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CMOS vs HCMOS vs ACMOS – A History Lesson in Oscillators

Posted: 22nd January 2024

Unlocking the secrets of crystal oscillator technology, this blog aims to clarify the differences between CMOS, HCMOS, and ACMOS, unraveling the unique characteristics that make each a distinctive player in the world of electronic circuits.

CMOS (Complementary Metal Oxide Semiconductor) first came about in 1963, and essentially replaced TTL Technology (Transistor Transistor Logic). The problem with TTL Logic was that it took power to hold a line high. Whereas CMOS uses virtually no power to hold a high or low state (although it is slower to operate); power is instead consumed when switching between the states. In an oscillator, the output is high for half the cycle and low for the other half, meaning for any 1 second, it is high for only 0.5 seconds. In reality, the output switches from high to low and back twice for every clock cycle, that means a 26MHz oscillator switches 42million times a second.

CMOS vs HCMOS vs ACMOS – A History Lesson in Oscillators

Source: Circuit Digest

By the 1990’s CMOS had replaced TTL as the most common form of logic and TTL was obviously going to become obsolete. Along the journey to its dominance, CMOS went through a few iterations. Firstly, HCMOS, the High Speed version, and ACMOS, the Advance version. Additionally, back in the 90’s the most common supply voltage was still 5V, but 3.3V was the new future (a bit like 1.8V is today), and this inevitably led to Low Voltage CMOS, LVCMOS.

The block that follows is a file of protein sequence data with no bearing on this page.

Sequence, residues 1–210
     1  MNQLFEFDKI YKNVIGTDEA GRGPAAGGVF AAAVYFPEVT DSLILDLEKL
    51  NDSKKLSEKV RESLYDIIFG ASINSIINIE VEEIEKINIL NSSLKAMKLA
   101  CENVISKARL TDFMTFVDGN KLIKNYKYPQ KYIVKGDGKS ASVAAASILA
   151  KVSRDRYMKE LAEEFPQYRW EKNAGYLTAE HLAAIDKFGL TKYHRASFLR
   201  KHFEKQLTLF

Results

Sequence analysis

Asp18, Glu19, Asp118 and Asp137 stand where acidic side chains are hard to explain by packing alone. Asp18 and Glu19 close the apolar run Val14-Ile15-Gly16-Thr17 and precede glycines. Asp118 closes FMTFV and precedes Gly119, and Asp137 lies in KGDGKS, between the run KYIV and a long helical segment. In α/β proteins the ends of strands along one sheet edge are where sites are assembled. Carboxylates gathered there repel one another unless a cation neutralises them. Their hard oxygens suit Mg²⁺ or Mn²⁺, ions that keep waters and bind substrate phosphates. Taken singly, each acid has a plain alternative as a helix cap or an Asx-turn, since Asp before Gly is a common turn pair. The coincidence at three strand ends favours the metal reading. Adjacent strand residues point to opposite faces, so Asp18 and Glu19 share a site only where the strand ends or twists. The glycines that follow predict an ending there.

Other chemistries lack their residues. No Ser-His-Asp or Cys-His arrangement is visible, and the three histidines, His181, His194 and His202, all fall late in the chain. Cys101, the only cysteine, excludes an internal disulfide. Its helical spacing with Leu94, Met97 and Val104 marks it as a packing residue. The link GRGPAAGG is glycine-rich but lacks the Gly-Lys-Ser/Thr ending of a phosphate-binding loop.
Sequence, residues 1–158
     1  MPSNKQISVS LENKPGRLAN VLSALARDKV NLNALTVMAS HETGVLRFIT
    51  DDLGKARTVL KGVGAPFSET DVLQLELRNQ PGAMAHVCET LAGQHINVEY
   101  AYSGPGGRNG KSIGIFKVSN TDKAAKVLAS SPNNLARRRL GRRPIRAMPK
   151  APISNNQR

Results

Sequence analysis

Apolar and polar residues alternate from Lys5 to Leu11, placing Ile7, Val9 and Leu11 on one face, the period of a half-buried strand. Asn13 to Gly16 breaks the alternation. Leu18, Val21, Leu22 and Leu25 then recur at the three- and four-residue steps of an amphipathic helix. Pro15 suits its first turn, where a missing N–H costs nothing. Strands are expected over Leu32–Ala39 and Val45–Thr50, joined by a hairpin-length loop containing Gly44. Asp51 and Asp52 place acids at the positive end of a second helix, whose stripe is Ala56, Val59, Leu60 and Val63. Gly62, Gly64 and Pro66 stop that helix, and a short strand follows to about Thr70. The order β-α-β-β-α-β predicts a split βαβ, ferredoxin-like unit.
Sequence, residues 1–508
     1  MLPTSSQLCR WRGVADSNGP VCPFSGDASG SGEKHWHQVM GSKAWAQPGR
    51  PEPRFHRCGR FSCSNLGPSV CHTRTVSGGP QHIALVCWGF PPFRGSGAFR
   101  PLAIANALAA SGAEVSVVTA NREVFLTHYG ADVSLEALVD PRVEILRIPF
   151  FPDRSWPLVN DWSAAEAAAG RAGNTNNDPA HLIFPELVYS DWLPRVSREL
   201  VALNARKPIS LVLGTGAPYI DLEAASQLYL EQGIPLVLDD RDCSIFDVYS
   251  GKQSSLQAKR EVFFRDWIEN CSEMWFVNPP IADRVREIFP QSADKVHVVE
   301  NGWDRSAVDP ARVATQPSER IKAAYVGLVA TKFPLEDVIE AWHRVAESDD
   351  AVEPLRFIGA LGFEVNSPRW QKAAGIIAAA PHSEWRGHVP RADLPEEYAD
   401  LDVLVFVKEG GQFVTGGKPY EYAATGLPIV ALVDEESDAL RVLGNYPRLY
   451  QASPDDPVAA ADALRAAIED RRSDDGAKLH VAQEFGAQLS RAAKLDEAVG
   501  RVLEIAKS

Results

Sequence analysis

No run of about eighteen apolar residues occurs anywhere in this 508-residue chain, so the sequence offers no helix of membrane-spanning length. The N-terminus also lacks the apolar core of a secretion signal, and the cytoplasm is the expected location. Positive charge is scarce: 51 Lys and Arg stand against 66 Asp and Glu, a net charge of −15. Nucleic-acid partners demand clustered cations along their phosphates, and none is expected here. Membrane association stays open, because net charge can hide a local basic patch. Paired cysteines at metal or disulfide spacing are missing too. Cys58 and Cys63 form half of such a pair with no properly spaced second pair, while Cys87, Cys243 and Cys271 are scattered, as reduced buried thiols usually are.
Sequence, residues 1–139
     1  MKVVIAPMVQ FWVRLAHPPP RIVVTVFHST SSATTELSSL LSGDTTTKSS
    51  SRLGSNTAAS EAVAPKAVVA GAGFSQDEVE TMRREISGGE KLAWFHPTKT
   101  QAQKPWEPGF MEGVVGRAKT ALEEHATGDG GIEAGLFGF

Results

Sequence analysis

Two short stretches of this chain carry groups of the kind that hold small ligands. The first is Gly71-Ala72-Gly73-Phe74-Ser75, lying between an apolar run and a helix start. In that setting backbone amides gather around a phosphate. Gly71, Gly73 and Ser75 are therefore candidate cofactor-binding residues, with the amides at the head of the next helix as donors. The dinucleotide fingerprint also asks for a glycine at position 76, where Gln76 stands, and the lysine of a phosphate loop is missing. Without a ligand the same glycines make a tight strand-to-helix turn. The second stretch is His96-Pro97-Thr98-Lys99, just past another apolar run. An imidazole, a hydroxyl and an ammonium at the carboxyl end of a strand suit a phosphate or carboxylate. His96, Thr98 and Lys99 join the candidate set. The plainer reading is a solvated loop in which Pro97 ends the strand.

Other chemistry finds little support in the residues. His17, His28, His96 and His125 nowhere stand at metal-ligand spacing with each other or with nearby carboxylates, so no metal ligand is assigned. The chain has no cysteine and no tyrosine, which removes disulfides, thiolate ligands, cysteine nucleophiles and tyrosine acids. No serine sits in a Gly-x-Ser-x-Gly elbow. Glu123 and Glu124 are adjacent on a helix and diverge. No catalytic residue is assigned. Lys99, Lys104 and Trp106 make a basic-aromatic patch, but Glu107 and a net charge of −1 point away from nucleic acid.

Back then, it was important to differentiate between these different CMOS types because they all had different voltage levels, different switching speeds, and they could drive different amounts of power to the input of the next device. Therefore, a design engineer had to match the output of an oscillator to the input of the next stage of their product. Thankfully, the world is simpler now. Everything is compatible and they can all be classed as just CMOS; It’s no longer helpful to differentiate between all the different options. For that reason we just say “CMOS output” and avoid any confusion.

Of course, life would be simple if CMOS was the only output option… However, alternatives to exist: for single output oscillators this includes: clipped sine wave or sine wave, and for dual output oscillators: LVPECL, LVDS or occasionally HSCL. That’s another article…


Nick Amey, Technical Director